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More Chinese War Practice Is Going On In The South China Sea

March 31, 2018

Via China Military Online.

It appears the US Navy’s freedom of navigation exercises are having close to no effect on the current stalemate over the disputed Asian waters. Rather than discourage China’s efforts at annexing the disputed region, Beijing’s navy run a tight schedule of realistic exercises each month. The PLA’s main news outlet never fails to publish news and photos of these activities.

The first took place from March 20 until 22, a three-day live fire drill involving the landing ships Emeishan and Hengshan at an undisclosed location. The PLAAF then conducted mock attacks involving its newest aircraft, the Su-35 and the H-6K missile bomber over the Miyako Strait soon after. These are the latest proof of China’s firm control over its southern seas.

Unlike previous maritime exercises, the latest involved two atypical vessels–landing ships designed for transporting armor to shore. The photos released by the PLAN suggest these are Type 72A LSTs operating near island features. Their exact location in the vast South China Sea was never revealed but it’s possible both Emeishan and Hengshan were somewhere between Hainan and the Paracels.

The ships practiced a boarding operation where armed sailors “capture” a target vessel and secure its lower deck. This could mean the PLAN are serious about policing the South China Sea and other vital waterways with or without an international mandate. The ships’ crews also practiced disembarking on smaller landing craft and simulated combat with the anti-aircraft guns onboard.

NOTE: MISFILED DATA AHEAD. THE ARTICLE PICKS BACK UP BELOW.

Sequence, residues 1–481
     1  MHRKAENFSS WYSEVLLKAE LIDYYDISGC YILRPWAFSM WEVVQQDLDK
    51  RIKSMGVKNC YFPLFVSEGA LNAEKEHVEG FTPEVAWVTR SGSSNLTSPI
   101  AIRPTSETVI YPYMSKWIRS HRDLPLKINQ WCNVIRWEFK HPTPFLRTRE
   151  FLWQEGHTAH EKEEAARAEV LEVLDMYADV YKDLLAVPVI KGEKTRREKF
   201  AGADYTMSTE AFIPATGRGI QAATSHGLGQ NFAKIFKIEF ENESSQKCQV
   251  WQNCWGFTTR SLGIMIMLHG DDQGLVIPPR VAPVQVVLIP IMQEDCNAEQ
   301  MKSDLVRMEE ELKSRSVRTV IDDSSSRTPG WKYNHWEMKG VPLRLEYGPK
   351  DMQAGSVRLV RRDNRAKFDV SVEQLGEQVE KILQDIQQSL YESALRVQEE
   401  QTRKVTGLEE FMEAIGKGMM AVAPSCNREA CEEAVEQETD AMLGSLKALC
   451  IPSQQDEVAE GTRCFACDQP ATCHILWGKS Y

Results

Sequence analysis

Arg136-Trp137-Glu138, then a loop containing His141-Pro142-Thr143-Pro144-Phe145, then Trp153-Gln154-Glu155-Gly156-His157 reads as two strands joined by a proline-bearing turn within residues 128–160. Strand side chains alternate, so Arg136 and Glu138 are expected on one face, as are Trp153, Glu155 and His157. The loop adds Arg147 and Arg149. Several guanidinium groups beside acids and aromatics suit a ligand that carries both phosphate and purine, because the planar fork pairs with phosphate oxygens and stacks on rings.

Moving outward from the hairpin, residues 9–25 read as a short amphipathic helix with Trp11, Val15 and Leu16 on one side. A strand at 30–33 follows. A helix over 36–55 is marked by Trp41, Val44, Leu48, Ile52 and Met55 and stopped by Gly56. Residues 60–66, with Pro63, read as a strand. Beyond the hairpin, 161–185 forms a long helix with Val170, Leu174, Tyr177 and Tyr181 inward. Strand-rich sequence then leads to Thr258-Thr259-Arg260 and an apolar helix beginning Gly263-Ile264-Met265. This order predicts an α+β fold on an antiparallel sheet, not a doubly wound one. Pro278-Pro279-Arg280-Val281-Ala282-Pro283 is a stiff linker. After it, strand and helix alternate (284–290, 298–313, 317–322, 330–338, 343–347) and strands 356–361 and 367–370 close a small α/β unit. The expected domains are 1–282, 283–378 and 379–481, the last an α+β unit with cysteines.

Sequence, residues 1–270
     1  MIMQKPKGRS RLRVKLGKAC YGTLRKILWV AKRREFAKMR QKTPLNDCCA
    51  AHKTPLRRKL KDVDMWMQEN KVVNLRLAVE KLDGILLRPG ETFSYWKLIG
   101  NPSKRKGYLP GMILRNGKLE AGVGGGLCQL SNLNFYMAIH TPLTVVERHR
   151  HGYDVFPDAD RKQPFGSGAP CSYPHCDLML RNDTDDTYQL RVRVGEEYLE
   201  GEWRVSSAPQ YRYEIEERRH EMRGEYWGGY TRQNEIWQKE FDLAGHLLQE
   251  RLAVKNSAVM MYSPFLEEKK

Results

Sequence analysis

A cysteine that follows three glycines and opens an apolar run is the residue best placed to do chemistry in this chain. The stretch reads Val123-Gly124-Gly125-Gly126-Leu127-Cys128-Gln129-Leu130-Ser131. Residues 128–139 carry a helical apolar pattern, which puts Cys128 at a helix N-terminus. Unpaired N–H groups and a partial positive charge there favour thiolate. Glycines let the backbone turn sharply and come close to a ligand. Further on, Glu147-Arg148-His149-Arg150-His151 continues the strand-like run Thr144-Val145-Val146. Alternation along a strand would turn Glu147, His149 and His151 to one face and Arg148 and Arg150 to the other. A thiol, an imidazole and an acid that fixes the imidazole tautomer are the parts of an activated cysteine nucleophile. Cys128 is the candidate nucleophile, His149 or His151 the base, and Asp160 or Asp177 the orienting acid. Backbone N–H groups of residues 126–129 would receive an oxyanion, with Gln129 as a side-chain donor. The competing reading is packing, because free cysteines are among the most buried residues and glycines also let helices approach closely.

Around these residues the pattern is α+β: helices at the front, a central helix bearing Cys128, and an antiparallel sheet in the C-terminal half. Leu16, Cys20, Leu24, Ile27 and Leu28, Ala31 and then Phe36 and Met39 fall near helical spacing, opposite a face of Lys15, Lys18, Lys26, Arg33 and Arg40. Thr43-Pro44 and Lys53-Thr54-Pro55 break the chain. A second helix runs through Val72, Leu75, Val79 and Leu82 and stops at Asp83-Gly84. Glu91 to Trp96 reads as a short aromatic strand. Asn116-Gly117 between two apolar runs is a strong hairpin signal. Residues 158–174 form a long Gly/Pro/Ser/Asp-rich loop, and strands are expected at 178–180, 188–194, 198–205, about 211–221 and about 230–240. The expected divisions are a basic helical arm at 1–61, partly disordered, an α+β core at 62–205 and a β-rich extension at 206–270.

The exercises in late March didn’t elicit any response from other South China Sea claimants like the Philippines or Vietnam. But neither did satellite images published by Reuters a week later showing an armada of PLAN warships, including the aircraft carrier Liaoning, sailing in a convoy not far from Hainan. The purpose of the display, which resembled a naval parade, was never announced although it did seem to advertise the sheer size of the PLAN’s southern fleet.

The month turned out to be a busy one for the Chinese military as various training events were held just days apart. It’s still unclear whether a “high-sea training mission” involving Su-35 multirole fighters and H-6K bombers over the Miyako Starit northeast of Taiwan happened at the same time as the Hainan armada.

The frequent military flights skirting Taiwan’s airspace is no small matter. These demonstrations are obvious clues on how the PLAAF may conduct a total encirclement of the island. One photo published by China’s defense ministry showed an H-6K carrying what appears to be a subsonic cruise missile on its wing. A single H-6K can deliver a half dozen of these munitions, which are attached to hardpoints on either wing, anywhere between 1,000 to 3,000 kilometers away from its airbase.

During the last week of March the PLA announced 12 H-6K’s will be flown at the same time for an unspecified purpose. If these crossed the Miyako Strait again then it’s obvious the purpose was to remind Taiwan how vulnerable it is. A flight of 12 H-6K’s can deliver several dozen cruise missiles and launch them far beyond the range of ground-based air defenses and are perfectly suited for neutralizing airports, command centers, and local infrastructure.

Such brazen displays shouldn’t be ignored. They’re glaring advertisements of Beijing’s fondness for a permanent war footing.

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